In this issue, learn why you can’t afford to ignore the value-based train that’s coming down the tracks. I’ve also highlighted a few different pieces regarding direct-to-patent changes within healthcare. And lastly, if you have questions regarding the 510(k) process, don’t forget to check out these tips.
Pearl Harbor. Blockbuster. The dot-com bubble. All have one thing in common. Leaders missed subtle signals that warned of pending danger. Michael Leavitt, former secretary of the Department of Health and Human Services, urged healthcare leaders not to ignore the signals accompanying the shift from fee-for-service to value-based payments.
Doctors at Mayo Clinic recently had an idea: What if they could aim the wire at the valve using a special catheter with a small funnel on the end to capture the blood flow and center the gadget right above the jet? That idea will be put to use in a human clinical trial later this year as part of a collaboration between Mayo and Boston Scientific Corp. — a long-running collaboration that was recently publically unveiled.
Many procedures – including even joint replacement – are moving toward the outpatient surgical setting. And now a recent report from Blue Cross Blue Shield shows how moving surgeries to an outpatient center can actually lower costs, even for patients. All the more reason for device makers to redouble their efforts to work with surgeons who operate in ambulatory surgery centers and develop or maintain close ties to these facilities.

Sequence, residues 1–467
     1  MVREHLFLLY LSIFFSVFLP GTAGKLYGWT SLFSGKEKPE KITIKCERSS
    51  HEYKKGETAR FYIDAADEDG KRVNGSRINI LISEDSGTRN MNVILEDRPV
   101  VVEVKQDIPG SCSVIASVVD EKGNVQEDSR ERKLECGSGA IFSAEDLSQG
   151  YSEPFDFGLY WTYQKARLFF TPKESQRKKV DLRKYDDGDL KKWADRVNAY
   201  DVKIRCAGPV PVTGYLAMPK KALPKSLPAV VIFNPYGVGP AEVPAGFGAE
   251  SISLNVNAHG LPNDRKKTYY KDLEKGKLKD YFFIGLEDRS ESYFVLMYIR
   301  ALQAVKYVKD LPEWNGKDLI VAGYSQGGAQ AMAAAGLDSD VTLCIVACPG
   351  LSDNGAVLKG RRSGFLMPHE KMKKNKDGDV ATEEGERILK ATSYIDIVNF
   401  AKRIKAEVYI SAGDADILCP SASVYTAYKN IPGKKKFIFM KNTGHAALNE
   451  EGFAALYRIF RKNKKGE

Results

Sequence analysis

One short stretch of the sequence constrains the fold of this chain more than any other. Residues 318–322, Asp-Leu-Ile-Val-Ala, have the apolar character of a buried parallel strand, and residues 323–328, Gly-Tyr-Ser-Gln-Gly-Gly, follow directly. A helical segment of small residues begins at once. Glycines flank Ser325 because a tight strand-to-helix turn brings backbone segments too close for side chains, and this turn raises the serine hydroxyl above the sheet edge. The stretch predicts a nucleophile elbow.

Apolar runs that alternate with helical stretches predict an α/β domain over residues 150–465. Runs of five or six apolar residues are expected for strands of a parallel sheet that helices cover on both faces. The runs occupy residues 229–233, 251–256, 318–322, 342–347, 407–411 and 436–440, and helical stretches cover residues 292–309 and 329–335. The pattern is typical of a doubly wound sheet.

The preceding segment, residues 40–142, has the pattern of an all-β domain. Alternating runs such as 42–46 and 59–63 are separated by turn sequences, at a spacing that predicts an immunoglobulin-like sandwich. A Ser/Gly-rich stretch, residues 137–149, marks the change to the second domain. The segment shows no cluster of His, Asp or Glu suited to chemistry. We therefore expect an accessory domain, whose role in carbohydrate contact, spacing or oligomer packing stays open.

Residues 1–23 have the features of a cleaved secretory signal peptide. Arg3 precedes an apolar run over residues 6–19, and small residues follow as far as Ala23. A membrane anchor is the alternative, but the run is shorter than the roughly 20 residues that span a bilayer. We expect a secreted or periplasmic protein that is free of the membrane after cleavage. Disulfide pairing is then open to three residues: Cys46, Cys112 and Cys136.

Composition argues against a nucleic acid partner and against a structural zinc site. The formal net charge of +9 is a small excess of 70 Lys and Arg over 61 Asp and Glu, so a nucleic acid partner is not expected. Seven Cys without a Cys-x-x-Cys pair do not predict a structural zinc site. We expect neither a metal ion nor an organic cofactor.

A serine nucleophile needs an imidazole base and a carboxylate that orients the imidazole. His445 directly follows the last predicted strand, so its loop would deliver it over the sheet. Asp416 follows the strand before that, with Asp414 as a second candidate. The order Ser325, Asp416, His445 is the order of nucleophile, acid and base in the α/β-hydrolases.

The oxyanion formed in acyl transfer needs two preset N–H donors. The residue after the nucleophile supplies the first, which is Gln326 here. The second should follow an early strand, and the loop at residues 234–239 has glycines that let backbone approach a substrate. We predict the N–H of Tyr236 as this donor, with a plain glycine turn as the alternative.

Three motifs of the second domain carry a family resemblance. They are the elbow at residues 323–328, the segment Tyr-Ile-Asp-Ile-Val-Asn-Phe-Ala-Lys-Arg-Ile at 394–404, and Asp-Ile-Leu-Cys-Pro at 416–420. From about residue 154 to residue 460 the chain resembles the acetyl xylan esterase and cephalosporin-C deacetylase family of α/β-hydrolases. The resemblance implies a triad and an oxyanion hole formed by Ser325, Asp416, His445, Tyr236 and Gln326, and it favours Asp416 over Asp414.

Digital healthcare has been heating up over the last few years. But while the structural and cultural change in the healthtech industry is moving toward B2C, we’re still in a B2B2C world, where an insurance company, or an employer, still stands in between.
If you are developing a medical device in the United States, there is a good chance your path to market involves a FDA 510(k) submission. FDA expectations for 510(k)s have changed dramatically over the last handful of years. Here are some tips that will help you adjust to the new normal.
Until the next issue of the Medsider newsletter, cheers!